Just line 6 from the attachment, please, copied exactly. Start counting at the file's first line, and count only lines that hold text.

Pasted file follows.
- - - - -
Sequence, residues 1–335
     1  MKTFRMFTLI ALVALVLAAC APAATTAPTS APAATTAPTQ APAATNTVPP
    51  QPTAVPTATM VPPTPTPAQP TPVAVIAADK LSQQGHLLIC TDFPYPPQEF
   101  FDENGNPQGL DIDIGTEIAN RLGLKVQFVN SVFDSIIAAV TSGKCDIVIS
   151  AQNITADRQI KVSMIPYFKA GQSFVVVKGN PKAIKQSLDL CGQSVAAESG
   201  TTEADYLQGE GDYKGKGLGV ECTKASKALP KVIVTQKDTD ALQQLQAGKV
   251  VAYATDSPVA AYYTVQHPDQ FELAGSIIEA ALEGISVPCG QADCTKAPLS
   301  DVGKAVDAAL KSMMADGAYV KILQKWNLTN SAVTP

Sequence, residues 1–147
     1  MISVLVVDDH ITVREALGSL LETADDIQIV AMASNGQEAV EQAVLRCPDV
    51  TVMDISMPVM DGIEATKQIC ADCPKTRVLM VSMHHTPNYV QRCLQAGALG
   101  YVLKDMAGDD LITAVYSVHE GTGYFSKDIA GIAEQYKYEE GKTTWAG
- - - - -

   201  TTEADYLQGE GDYKGKGLGV ECTKASKALP KVIVTQKDTD ALQQLQAGKV